Yazbak was convicted of false statements to the U.S. Fish & Wildlife Service because he asked the undercover agent posing as an illegal fisherman for false documents so he’d have the necessary papers to apply for export permits. The requested documents falsely stated that this source had sold Yazback 534 pounds of roe from the Shovelnose Sturgeon, a protected species in the United States also known as Hackleback, and planned to sell another 4,000 pounds, when Yazback had only purchased 10 pounds. The agency refused to grant the export permit after calculating that to total 4,534 pounds of Shovelnose Sturgeon roe would require killing between 68,010 to 170,025 fish.
United States v. Viktor Tsimbal
Viktor Tsimbal, a Russian national, was the President and owner of Beluga Caviar, one of the largest wholesalers of caviar in the United States. Tsimbal imported more Beluga caviar into the United States from Russia via Poland in 1999 than the entire Russian export quota for the year. He orchestrated a conspiracy in which full time couriers were paid approximately $500 for each trip and were provided airline tickets, pre-packed luggage filled with black market caviar and apartment and hotel rooms in Europe and Miami. In addition, he used bank accounts in Europe to launder the proceeds of the wildlife smuggling scheme.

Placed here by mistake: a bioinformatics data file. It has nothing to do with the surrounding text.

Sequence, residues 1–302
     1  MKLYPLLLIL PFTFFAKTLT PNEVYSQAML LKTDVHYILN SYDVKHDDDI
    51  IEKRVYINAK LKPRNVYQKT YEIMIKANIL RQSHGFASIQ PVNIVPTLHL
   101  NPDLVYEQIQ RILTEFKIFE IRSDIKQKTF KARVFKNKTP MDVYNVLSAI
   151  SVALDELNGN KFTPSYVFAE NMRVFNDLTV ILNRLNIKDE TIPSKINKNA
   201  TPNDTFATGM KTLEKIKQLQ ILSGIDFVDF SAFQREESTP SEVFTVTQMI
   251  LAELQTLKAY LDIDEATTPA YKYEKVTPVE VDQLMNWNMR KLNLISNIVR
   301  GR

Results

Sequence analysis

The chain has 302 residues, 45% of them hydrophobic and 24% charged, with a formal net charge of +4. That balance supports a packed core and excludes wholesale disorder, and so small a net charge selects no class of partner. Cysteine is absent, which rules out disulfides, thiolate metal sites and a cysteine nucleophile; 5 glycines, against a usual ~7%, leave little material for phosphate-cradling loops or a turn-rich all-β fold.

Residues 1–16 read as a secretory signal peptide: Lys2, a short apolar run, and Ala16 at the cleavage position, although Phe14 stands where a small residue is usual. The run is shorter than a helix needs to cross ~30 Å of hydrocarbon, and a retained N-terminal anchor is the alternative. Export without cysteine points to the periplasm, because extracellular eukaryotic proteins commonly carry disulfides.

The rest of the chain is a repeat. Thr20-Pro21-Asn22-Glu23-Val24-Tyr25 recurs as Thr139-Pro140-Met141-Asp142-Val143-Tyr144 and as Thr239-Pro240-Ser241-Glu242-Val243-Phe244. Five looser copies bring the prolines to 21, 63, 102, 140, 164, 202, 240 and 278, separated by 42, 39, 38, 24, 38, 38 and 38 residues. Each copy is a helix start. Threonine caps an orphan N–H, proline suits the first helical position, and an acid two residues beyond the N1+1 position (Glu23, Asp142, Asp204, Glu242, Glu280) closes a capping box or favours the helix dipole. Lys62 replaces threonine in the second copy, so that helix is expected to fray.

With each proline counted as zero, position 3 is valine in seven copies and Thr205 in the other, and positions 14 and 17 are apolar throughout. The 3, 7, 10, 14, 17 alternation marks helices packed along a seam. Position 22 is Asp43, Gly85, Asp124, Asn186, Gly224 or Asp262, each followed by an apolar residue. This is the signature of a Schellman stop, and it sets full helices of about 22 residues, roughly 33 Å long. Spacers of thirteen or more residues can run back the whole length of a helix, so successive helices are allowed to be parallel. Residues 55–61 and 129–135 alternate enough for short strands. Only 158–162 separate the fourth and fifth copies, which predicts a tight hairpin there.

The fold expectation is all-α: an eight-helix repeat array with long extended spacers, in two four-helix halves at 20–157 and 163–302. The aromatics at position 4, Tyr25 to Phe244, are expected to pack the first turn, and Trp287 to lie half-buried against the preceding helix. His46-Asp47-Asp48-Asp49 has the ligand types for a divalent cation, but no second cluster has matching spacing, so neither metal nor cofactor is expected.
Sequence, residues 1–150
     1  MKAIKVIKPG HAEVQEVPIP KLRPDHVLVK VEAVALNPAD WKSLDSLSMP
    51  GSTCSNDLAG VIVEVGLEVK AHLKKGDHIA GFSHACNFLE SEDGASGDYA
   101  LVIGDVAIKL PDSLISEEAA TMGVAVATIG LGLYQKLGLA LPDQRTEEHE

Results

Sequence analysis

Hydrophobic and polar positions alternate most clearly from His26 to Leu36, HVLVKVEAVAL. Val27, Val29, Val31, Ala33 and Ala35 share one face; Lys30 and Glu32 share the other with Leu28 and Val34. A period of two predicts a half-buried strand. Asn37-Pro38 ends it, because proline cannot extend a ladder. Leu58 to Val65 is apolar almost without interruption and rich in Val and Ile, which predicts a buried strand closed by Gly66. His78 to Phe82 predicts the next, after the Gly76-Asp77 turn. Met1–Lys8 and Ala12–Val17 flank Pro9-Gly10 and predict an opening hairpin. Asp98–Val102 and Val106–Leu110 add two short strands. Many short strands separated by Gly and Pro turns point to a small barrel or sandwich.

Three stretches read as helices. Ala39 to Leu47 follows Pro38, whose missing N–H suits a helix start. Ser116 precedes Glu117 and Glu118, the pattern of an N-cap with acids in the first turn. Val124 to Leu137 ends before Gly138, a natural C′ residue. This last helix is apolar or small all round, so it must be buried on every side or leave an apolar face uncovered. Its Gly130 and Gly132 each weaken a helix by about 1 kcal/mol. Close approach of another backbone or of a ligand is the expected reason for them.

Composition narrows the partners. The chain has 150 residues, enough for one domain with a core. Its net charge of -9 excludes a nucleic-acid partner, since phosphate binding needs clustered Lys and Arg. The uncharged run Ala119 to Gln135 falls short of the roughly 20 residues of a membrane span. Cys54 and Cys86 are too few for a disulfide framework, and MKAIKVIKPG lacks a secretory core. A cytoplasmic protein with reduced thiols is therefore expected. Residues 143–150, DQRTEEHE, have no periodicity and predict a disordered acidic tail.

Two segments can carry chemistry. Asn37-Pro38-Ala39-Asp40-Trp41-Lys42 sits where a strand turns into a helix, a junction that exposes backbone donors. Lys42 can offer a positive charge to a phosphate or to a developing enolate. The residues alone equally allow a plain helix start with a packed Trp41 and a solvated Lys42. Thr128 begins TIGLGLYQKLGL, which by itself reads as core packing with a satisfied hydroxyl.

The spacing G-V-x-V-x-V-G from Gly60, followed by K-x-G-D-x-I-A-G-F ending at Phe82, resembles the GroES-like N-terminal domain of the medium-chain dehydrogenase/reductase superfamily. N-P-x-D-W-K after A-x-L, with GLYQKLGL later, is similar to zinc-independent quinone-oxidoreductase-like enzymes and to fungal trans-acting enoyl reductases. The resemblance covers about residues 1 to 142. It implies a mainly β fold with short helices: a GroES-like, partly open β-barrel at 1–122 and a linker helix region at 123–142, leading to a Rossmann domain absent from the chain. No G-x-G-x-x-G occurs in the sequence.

Tsimbal was convicted of conspiracy, smuggling and money laundering, sentenced to 41 months in prison, forfeited $36,000 in his possession at the time of his arrest at the Miami International Airport, and caviar stockpile worth approximately $860,000 at the time.
United States v. Mariusz Chomicz
Mariusz Chomicz was the President of a caviar company in Poland. Chomicz purchased the caviar on the black market in Poland and that co-conspirators then hired couriers to smuggle the caviar into the United States in their luggage. Once the caviar arrived in Miami, another co-conspirator arranged to pick up the couriers and put them up at a hotel. A total of 1,539 kilograms of caviar were smuggled during the scheme. He was directly responsible for 619 kilograms of smuggled caviar worth as much as $1.8 million at the time.
Chomicz was sentenced to 30 months in prison for his part in a smuggling conspiracy in which paid couriers brought suitcases filled with caviar into the United States.